4. Consistency


A few lucky clicks might make you viral, but to sustain the audience and clients, you need to keep churning out good results consistently. This is true for almost every field and a necessary skill. I learned that you need to grit the same even when you are not working for anyone. This is necessary to maintain your quality and consistency. Photography is a skill that requires efforts to create images, whether they are meant for a campaign or for my social media profile. Consistency, even when things are looking dark and stagnant, is one of the most important things that will lead you towards success. Keep grinding even when the results are not that great because your efforts will compound over time and help you achieve success.



5. Direction to My Life


Photography helped me understand my life to a greater degree and gave direction to my life. Even though it seems like a non-traditional career, it gives me pleasure and a sense of fulfilment. It is my passion that I have turned into my career. Despite a hectic day, when I sit back to work upon my clicks, I get a rush of happiness to see the results unfurling in front of me. The moments that I click, when turning into reality, with the spotlight on that subject, make me want to do this the next day as well. This direction and understanding of my life became possible only due to photography. I will be forever grateful for my choices and keep working on this.





These are some of the lessons I learned on my journey of photography. I am sure your journey would be unique as well. So, share with us some of your personal takeaways from your journey as a photographer in the comments section. We all would love to read them. Till then, keep clicking amazing pictures.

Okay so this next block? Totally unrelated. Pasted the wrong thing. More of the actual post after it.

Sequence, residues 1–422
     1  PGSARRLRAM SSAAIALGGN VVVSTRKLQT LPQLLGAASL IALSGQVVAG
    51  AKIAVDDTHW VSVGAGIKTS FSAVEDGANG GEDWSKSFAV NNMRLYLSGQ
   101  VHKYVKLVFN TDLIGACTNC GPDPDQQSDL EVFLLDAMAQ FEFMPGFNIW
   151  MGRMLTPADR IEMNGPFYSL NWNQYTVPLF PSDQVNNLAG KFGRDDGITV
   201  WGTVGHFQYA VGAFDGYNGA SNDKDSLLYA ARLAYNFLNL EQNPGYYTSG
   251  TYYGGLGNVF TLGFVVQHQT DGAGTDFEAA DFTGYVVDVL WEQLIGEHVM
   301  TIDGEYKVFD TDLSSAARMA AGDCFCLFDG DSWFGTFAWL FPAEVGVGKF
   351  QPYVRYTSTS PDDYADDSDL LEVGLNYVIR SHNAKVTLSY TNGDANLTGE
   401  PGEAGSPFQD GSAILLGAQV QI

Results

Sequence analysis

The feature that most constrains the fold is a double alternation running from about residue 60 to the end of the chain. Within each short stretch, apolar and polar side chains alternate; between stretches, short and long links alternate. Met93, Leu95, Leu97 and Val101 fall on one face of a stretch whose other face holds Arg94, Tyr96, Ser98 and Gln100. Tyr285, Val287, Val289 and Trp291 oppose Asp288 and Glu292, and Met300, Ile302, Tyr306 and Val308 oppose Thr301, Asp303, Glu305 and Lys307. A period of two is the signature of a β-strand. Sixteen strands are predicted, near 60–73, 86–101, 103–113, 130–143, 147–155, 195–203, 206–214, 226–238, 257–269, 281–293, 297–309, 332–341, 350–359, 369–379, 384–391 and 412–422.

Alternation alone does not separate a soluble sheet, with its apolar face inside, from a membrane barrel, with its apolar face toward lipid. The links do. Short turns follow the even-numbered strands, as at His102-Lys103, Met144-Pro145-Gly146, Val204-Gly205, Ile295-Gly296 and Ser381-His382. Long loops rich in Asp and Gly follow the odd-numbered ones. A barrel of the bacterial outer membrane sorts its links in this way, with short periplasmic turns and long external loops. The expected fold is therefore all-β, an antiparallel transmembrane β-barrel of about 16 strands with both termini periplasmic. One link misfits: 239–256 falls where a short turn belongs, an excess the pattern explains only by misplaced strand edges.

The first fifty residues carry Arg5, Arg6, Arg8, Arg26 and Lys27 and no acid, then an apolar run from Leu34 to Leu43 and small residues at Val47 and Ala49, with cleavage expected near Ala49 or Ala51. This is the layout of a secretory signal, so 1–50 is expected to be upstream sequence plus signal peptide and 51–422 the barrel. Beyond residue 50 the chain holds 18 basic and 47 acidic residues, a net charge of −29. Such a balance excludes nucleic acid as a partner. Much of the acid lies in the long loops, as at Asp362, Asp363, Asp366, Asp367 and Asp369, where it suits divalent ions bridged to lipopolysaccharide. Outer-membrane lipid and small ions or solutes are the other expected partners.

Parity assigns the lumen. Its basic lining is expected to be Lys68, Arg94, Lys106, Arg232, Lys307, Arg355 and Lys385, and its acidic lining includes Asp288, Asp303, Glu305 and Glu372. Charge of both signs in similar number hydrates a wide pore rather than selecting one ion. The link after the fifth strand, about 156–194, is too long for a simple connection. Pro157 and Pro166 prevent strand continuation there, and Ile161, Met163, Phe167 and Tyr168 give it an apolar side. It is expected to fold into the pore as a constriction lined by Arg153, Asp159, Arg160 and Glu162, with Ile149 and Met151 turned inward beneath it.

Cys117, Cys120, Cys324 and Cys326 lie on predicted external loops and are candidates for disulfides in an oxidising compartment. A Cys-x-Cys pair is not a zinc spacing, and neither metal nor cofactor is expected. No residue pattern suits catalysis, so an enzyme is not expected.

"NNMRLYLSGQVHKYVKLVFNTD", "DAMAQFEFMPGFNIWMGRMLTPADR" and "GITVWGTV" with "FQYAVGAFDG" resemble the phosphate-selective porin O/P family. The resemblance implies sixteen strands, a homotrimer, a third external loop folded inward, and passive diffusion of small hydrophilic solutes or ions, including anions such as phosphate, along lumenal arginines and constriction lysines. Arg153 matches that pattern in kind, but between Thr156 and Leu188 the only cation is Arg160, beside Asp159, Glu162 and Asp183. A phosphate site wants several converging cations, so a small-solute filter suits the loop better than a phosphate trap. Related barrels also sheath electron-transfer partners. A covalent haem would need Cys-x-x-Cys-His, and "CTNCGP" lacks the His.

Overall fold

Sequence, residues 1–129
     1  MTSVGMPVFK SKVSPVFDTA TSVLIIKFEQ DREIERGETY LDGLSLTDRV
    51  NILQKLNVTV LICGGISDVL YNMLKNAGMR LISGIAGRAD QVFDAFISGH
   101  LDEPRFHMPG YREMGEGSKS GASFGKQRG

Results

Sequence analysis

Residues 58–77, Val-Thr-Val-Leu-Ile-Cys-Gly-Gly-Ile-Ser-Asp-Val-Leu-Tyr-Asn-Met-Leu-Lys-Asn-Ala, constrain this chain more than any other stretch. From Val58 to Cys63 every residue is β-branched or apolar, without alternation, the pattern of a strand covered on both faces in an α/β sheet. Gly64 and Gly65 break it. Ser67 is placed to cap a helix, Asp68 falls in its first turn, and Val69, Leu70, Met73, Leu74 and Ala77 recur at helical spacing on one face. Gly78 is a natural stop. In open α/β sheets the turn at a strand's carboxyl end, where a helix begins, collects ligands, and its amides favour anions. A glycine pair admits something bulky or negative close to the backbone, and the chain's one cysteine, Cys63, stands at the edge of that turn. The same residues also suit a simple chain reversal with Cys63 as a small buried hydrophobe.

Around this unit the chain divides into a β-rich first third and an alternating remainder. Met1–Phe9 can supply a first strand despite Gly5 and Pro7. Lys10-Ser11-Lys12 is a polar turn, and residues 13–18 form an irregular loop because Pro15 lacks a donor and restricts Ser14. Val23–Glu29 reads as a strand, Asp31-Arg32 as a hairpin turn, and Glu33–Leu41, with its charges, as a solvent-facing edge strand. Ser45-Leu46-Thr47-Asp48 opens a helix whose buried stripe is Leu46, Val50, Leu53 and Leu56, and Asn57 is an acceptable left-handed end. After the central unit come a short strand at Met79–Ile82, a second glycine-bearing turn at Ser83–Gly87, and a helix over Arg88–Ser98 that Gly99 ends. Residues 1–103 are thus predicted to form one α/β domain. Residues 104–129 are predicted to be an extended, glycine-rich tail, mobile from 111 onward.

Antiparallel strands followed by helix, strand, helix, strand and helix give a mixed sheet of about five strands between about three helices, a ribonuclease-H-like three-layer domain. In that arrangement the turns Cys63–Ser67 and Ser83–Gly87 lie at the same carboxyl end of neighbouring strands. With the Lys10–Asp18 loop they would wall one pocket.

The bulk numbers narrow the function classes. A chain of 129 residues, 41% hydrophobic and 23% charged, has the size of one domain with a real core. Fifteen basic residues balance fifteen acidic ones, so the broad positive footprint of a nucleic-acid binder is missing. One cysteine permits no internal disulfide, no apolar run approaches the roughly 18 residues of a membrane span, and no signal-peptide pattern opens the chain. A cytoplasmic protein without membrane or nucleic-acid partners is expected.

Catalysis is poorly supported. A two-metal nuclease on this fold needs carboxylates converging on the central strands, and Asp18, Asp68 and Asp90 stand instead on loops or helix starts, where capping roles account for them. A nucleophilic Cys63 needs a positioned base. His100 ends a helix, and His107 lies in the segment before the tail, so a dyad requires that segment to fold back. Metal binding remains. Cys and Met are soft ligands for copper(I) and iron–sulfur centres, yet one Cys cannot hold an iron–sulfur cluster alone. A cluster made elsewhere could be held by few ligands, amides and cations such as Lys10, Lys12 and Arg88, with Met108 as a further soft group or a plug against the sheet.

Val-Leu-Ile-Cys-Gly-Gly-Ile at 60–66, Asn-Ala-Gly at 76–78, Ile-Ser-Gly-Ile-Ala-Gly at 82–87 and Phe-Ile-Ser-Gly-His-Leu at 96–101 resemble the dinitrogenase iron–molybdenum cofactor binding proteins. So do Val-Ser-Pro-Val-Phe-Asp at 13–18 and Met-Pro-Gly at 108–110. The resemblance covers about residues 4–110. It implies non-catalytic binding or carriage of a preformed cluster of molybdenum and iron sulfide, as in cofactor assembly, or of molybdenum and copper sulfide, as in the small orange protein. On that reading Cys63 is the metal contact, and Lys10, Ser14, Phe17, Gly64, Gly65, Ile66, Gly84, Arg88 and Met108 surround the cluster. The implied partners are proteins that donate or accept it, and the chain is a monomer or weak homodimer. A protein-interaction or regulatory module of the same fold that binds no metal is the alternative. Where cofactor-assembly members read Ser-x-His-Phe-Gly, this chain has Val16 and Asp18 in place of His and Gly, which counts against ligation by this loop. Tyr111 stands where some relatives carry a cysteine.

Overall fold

Learning is a Journey that Never Ends :)

Keep Learning Keep Clicking

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5 Comments


You dared,learned, captured. You have guts,passion. You have produced some v good images. Keep it up.

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Agreed - 100%. The most important one, as mentioned, is Patience. I have seen the change in me in the past 1 month, as I chased nature through my camera. It has taught me to wait and watch before making a shot, both in photography and in life. Glad you mentioned it ❤️

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Ma'am, Your thoughts always inspire me ❤️❤️😍🙌👌

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Well said Roshani and I completely agree with the points you mentioned.

I would also like to add my takeaways from photography.


1) Value - It started making me understand the value of my work as well as others as its easy to scroll down a picture on your application sitting on a couch maybe which might have taken maybe 1000s of km for the creator to go and get it. So I started RESPECTING artists even more.


2) Being Practical and Diverse -


Often i feel due to the limitations we set or the boundaries we follow we tend to not develop our mindset as it is difficult for us to move out of the comfort zone of society.…


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I am so glad that you are sharing your stories through the medium of a blog. Photographic stories create narratives and narratives drives the sub conscious mind and bring change. positive changes are infectious. Good stuff, Roshani. All the best